New Judge For Challenge To Illinois FOID Card

Mishaga v. Monken, the challenge to Illinois’s FOID Card regulation brought by the Mountain States Legal Foundation, has been reassigned from Chief District Court Judge Michael McCuskey to newly confirmed District Court Judge Sue E. Myersclough. It is a common occurance for new judges to have cases reassigned to them.

I am not sure how this will impact the case. If you will remember, back in November Judge McCuskey denied the state’s motion to dismiss the case. His decison seemed to portend good things for this case as it went to trial.

Judge Myersclough served from 1998 until her confirmation as a judge on the Illinois Appellate Court, Fourth District. From 1990 to 1998, Myersclough was a Circuit Judge for the Circuit Court of Illinois, Seventh Judicial Circuit. Both of these courts meet in Springfield. She was nominated by President Obama in July 2010 and confirmed by the Senate in February 2011. Myersclough was nominated back in 1995 by President Bill Clinton for a District Court Judgeship but was not confirmed.

Myersclough is a graduate of Southern Illinois University taking her B.A. from there in 1973 and her J.D. from its law school in 1980. According to the public questionnaire submitted to the Senate Judiciary Committee, she also did graduate study at both Southern Illinois and the University of Chicago before attending law school.

As to her political leanings, she is a Democrat as would be expected. She had won a few awards from state and local Democratic committees for service over the years. She did run – but lost – for the Illinois Supreme Court back in 2002.

The important thing for us is how she would deal with Second Amendment rights. She did get a couple of questions for the record on Second Amendment issues from Senator Jeff Sessions (R-AL) and Senator Tom Coburn (R-OK).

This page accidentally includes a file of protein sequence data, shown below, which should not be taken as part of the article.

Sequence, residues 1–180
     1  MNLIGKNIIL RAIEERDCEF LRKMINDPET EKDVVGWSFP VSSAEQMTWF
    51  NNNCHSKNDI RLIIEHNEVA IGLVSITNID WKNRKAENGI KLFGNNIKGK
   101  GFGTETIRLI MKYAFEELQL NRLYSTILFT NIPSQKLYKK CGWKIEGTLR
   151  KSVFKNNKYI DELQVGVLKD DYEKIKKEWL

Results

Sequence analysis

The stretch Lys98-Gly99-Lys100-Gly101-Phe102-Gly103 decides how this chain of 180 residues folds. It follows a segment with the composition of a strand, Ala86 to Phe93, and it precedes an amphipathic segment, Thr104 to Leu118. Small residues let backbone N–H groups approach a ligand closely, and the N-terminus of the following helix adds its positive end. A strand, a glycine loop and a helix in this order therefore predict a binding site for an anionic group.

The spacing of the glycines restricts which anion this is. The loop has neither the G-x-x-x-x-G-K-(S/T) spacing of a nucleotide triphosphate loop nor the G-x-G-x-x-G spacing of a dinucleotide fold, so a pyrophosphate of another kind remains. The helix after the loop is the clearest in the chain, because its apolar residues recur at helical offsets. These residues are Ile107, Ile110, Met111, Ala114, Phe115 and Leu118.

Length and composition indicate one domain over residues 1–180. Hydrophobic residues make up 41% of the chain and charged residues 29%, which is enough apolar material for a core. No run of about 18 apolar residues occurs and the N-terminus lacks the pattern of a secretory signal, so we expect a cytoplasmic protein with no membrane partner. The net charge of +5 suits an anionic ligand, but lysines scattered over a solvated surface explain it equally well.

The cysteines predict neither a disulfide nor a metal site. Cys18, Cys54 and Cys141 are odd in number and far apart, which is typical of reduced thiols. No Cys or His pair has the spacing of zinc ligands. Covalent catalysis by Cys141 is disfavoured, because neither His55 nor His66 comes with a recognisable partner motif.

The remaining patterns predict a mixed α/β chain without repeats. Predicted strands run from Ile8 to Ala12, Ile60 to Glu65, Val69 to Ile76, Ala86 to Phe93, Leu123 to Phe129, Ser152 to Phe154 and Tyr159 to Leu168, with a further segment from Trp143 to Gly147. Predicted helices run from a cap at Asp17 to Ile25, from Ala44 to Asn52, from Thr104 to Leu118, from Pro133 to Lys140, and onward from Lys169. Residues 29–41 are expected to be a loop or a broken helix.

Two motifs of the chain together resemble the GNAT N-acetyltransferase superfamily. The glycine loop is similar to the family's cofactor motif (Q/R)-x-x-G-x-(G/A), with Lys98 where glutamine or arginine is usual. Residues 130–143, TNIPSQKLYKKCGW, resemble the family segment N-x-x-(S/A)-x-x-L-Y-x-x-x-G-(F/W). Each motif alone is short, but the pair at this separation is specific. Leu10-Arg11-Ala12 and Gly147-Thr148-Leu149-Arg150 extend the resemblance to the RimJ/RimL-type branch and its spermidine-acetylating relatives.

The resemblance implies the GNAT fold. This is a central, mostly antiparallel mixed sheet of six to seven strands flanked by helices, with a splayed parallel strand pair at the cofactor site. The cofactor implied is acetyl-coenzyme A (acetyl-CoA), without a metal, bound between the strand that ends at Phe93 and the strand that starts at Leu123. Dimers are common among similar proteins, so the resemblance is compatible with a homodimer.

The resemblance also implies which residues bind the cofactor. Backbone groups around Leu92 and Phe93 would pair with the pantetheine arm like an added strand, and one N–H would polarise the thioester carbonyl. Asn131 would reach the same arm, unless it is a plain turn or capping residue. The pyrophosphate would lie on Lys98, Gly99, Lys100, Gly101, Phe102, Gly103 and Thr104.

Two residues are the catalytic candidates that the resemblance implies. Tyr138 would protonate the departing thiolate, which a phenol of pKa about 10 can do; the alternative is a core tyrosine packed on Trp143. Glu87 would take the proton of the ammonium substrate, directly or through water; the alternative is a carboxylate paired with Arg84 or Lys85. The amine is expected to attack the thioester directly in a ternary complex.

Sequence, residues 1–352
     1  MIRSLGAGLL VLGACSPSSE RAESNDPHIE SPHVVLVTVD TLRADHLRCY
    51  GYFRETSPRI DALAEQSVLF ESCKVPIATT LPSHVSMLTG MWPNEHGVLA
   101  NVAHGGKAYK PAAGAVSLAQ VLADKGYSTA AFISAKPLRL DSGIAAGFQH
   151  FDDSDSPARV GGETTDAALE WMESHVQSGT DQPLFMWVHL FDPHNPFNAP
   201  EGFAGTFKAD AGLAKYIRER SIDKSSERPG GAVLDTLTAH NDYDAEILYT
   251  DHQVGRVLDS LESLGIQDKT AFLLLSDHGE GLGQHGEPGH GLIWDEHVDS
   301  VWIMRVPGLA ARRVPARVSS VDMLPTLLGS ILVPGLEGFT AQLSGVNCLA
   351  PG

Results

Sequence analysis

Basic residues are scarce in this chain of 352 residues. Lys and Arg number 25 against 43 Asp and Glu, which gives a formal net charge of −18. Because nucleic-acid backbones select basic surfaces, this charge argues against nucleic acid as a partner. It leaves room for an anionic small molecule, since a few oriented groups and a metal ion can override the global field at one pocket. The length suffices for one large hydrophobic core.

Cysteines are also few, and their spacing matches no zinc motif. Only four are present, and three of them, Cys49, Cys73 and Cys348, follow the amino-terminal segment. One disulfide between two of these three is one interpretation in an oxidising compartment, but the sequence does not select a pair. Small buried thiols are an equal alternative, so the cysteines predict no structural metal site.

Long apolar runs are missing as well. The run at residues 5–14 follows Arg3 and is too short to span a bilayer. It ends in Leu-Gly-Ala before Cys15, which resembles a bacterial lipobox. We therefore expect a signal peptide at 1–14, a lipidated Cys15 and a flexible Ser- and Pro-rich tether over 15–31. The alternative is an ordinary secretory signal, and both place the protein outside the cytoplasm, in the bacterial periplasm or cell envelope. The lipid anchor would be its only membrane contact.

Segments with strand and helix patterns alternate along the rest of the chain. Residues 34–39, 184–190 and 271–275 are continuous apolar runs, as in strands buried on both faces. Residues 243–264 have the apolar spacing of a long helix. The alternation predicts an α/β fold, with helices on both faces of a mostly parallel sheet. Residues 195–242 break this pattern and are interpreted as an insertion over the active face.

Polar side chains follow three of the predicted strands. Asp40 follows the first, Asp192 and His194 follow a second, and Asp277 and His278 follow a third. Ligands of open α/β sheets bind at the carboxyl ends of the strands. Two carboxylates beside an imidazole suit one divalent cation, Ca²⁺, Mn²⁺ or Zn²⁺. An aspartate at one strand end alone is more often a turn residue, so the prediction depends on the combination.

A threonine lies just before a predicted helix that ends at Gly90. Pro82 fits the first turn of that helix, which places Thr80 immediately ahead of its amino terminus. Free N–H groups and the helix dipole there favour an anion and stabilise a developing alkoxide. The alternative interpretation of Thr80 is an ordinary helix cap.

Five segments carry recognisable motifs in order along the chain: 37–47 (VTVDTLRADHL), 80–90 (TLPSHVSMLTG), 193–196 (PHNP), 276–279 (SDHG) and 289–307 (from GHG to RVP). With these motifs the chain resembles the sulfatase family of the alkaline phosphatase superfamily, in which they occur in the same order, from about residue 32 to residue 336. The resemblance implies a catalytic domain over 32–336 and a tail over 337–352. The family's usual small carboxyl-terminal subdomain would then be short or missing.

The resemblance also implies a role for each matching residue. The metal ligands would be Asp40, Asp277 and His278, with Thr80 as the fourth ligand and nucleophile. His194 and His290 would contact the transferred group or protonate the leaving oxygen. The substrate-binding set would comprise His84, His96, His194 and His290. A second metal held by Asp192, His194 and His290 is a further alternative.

From Sessions with her response:

Do you believe that the Second Amendment is an individual right or a collective right? Please explain your answer.
Response: The Supreme Court decisions in District of Columbia v. Heller, 128 S. Ct. 2783 (2008) and McDonald v. City of Chicago, 130 S. Ct. 3020 (2010) hold that the Second Amendment confers an individual right.

a. What standard of scrutiny do you believe is appropriate in a Second Amendment challenge against a Federal or State gun law?
Response: In Heller and McDonald, the Supreme Court found a right under the
Second Amendment must be treated in the same manner as any fundamental right identified in the Bill of Rights. The Second Amendment right to bear arms should therefore not be treated as a “watered down right” subject to “judicial interest balancing.” See Heller, 128 S. C. at 2821; McDonald, 130 S. Ct. at 3047.

From Coburn with her response:

What limitations remain on the individual Second Amendment right now that it has been incorporated against the States?
Response: What limits remain on the Second Amendment remain open but for those limits expressly set forth by the Supreme Court as presumptively lawful regulations in District of Columbia v. Heller, 128 S. Ct. 2783 (2008). “[N]othing in our opinion should be taken to cast doubt on the longstanding prohibitions on the possession of firearms by felons and the mentally ill, or laws forbidding the carrying of firearms in sensitive places such as schools and government buildings, or laws imposing conditions and qualifications on the commercial sale of arms.” Heller, 128 S. Ct. at 2816-17.

a. Is it limited only to possession of a handgun for self-defense in the home, since both Heller and McDonald involved cases of handgun possession for self-defense in the home?
Response: Both Heller and McDonald specifically found city ordinances unconstitutional that prohibited handgun possession in the home. The Supreme Court has left open for future evaluations examples of other limits on the Second Amendment. But the Supreme Court made clear that core protections are conferred by the Second Amendment. “In Heller, however, we expressly rejected the argument that the scope of the Second Amendment right should be determined by judicial interest balancing, [citation] and this Court decades ago abandoned ‘the notion that the Fourteenth Amendment applies to the States only a watereddown, subjective version of the individual guarantees of the Bill of Rights.’[Citation.]” McDonald, 130 S. Ct. at 3047.

I guess that is the best one could hope to hear from any nominee for a District Court judgeship. She does note that it is a “fundamental right”.

Now that she has taken over Mishaga, Myersclough has set the Final Pretrial Conference for December 19, 2011 and the Bench Trial is set to start January 3, 2012. I’m sure both of these dates could change over the coming months. In any event, it will be almost a year before any decision is rendered on whether the denial of Ellen Mishaga’s application for a FOID Card is unconstitutional or not.


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